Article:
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Muskoka Discovery Centre

Wanda III: Steam to Green

Electric power gives new life to a classic launch
The idea sounds simple enough: take a classic, steam-powered launch built in 1915 and give her an unlimited, sustainable future with a modern, zero-emissions power plant and up-to-date systems and safety gear.

The reality, of course, is more challenging, and there have been a few course corrections in the conversion of the Wanda III, as well as the application of significant technical, financial, and human resources, before she is ready to sail again for the Muskoka Steamships & Discovery Centre (MSDC) in the summer of 2023.

Just under 30 m (94 ft) long, with a sleek 3.6 m (12 ft) beam and a draft of just 1.8 m (6 ft), Wanda III was one of the fastest boats in Muskoka. Its top speed was 38.6 km per hour (24 mph), driven by a triple-expansion steam engine using the same technology as the engines for the Royal Navy’s minesweepers.

The yacht was built for Margaret Eaton, widow of the department store founder Timothy Eaton, who used it to travel between the train station at the Gravenhurst wharf and her cottage, Ravenscrag, on Lake Rosseau, as well as for entertaining friends. Built to the highest standards using the finest materials, including Honduran mahogany and brass fittings throughout its cabins, it cost a reported $34,574.

In 1930, the launch was sold, reportedly for just $7,000, and transported by water, land, and rail to Lake of Bays. There, beginning in May 1931, she took guests of C.O. Shaw’s Bigwin Inn on excursions around the lake. By 1944, however, the yacht’s passenger-carrying authority had been revoked, and it then changed ownership a number of times, before being donated to a predecessor of the MSDC, and returning to Gravenhurst in 1993. Wanda III’s original steam engine has been removed and lovingly restored, and it is situated at the Muskoka Discovery Centre.

Modern power for Wanda III eliminates negative environmental impacts
The electrically powered Wanda III is capable of sprinting at 25.9 kph (14 kts), although that will consume the battery power quickly, and will normally cruise at a statelier 12.9 kph (7 kts), with a maximum range of 54 km (33 miles), or about 4.9 hours.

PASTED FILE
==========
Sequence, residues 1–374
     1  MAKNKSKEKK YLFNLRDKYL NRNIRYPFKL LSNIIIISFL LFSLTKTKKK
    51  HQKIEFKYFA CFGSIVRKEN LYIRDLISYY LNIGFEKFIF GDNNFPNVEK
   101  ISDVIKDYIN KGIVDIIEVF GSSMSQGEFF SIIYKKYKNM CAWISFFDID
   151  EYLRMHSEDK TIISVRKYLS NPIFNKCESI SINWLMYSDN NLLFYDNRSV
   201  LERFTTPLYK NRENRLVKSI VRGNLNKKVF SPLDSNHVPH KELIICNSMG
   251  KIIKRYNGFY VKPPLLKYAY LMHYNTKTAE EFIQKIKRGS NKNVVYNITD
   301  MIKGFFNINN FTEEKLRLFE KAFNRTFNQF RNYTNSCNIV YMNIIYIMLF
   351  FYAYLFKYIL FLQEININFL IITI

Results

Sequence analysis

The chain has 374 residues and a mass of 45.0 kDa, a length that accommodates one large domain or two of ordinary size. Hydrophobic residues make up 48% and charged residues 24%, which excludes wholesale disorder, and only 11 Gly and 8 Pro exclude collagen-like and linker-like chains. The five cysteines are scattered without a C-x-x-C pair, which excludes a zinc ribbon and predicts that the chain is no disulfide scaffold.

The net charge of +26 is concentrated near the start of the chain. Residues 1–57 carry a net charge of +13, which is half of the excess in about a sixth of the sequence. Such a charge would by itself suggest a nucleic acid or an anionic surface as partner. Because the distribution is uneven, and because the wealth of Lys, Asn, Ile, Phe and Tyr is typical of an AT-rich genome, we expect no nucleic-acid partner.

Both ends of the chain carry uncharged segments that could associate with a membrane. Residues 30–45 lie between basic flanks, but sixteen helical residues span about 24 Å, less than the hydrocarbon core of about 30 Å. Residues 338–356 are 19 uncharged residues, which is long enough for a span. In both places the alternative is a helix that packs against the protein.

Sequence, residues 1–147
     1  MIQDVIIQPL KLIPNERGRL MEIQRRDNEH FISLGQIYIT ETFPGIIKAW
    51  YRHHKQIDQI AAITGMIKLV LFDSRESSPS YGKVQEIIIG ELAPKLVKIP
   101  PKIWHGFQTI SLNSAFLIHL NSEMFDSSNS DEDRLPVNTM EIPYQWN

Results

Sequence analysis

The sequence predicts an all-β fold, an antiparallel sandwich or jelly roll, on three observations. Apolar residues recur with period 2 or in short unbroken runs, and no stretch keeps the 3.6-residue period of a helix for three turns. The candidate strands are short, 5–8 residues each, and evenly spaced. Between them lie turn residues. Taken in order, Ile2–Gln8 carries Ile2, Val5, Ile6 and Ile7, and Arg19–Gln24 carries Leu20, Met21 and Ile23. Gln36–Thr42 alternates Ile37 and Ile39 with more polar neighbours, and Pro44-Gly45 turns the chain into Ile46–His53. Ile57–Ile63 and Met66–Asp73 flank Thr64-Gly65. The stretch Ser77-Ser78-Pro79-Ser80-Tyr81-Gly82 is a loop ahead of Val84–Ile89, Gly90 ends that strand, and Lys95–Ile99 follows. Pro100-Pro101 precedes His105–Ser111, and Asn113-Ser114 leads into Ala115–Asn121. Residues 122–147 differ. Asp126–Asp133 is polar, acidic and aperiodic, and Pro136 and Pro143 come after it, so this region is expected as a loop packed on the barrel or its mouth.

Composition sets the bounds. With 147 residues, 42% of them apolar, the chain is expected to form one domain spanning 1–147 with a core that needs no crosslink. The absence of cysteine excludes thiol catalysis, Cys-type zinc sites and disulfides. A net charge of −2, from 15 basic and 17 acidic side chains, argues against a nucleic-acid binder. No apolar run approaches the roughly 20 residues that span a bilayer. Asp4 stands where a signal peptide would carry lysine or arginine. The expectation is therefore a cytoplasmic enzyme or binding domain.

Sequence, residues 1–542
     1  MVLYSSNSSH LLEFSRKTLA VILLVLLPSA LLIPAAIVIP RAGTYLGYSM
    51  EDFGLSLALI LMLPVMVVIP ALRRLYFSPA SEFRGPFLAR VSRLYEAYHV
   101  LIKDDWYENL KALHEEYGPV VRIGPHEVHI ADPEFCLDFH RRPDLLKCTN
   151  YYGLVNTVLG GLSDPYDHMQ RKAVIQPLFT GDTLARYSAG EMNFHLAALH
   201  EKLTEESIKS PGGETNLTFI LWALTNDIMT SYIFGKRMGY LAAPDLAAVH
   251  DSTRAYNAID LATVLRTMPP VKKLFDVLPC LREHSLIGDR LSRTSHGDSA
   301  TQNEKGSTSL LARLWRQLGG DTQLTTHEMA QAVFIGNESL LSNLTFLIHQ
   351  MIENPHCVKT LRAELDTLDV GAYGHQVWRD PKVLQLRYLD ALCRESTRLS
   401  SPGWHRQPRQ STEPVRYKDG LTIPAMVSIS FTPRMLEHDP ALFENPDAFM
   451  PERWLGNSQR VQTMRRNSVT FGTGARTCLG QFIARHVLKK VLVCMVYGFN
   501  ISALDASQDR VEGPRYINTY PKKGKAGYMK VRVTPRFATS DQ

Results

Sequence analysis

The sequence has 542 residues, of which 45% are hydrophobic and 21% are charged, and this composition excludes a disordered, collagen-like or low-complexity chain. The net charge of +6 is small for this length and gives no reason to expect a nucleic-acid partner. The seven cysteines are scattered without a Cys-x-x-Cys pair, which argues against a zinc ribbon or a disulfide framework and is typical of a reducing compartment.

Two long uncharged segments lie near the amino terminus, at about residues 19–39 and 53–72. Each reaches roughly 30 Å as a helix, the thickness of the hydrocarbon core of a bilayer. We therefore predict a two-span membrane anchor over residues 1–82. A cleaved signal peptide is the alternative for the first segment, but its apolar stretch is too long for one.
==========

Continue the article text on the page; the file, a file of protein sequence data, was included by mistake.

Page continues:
Propulsion power is provided by two Elco 100 74.6 kw (100 HP) motors, weighing 336 kg (740 lbs) each, supported by lithium-ion batteries, weighing 816 kg (1,800 lbs), which can be re-charged at the boathouse, at the ships’ dock, or at dock in Port Carling. Backup power comes from two Northern Lights 20 kw (26.8 hp) generators, operating at 1,800 rpm. So, between the batteries and the generator sets, Wanda III’s endurance and range are unlimited, but the plan is to run on batteries alone when there are passengers aboard — meaning no greenhouse gas emissions and, therefore, no negative environmental impact.

MSDC Senior Captain Glenn Murley noted that the electrified Wanda III will have more buoyancy and sit higher in the water than the ship used to, but will have a lower centre of gravity. In addition, the refurbished launch has been equipped with a new bow thruster to make it easier to handle at low speeds, such as when docking. And while the modifications to the boat’s performance have been carefully calculated, the rejuvenated yacht had to demonstrate its seaworthiness in formal sea trials for Transport Canada, before it was approved to carry passengers again. The launch should be approved to carry up to 40 passengers, an increase from the original 24.

New components and navigation systems enhance safety
Although electric motors are now increasingly common on all kinds of vessels, the conversion of a hundred-plus year-old yacht is inherently a unique proposition, and the regulators need, understandably, to be convinced of its safety in operation.

While restoration of Wanda III focuses on its sustainable new power plant, many new features have been integrated, including restoration of the steel hull and white oak planking; new bearings, stern tube, rudder and propeller; a new hydraulic steering system; new navigational hardware, radar and radio, as well as new wiring throughout the launch; a new engineers’ lounge; and, a new electronic whistle and signalling. Other additions include new piping and storage tanks for potable water and sewage, and a new second washroom.

Some of the workload is being shouldered by volunteers from MSDC’s Heritage Boatworks, including restoring furniture and the yacht’s fenders, elevating and installing the railings, building life jacket boxes, and installing lifeboat stanchions and the launch’s canvas awnings and covers.

Part of the challenge of restoring and then maintaining a 108-year-old launch is protecting her from the ravages of sun, wind, ice and snow. Here, according to MSDC President John Miller, the organization has taken the long view, building a new 279 square metre (3,000 sq ft) boathouse with water bubbler, so the launch can remain in the water (with her planks in the water) year-round. There is also a custom-built lift that can be used for maintenance, when needed.

How long can the electrically powered Wanda III be expected to last? There are no guarantees, but Wenona, a 9.7 m (32 ft) launch delivered in 1899 and operated on New York State’s Lake George is still running with its original electric motor.

– Allan Austin, Editor

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